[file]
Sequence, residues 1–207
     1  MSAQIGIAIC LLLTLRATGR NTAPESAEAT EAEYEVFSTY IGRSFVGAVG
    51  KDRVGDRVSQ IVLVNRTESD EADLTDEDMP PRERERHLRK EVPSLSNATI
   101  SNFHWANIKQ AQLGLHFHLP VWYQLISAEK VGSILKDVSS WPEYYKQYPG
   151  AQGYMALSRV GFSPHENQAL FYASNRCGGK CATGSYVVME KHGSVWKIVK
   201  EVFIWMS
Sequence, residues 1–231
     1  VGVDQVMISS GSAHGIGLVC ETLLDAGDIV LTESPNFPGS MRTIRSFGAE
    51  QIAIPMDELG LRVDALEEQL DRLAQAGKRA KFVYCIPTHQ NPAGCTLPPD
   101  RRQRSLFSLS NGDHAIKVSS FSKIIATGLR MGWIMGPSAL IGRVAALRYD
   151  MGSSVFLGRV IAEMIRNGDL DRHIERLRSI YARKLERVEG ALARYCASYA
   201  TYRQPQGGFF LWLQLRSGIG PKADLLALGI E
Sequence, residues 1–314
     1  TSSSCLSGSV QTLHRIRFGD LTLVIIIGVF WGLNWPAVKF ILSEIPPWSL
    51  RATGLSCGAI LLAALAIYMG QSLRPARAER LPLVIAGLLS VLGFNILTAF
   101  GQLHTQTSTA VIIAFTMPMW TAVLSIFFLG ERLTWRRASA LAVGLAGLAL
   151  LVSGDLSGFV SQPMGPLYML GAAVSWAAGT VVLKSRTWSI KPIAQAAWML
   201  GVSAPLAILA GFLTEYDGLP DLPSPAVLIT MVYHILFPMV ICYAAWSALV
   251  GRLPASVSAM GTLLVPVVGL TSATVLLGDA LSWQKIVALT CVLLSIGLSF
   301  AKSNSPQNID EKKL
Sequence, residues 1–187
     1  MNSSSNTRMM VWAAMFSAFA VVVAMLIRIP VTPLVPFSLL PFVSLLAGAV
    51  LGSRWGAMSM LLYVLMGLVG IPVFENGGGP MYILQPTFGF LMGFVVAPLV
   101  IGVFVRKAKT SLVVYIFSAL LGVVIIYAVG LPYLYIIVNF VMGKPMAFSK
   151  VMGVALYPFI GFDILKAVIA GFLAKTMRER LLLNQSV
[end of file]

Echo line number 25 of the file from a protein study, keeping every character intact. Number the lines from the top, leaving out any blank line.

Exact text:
   151  VMGVALYPFI GFDILKAVIA GFLAKTMRER LLLNQSV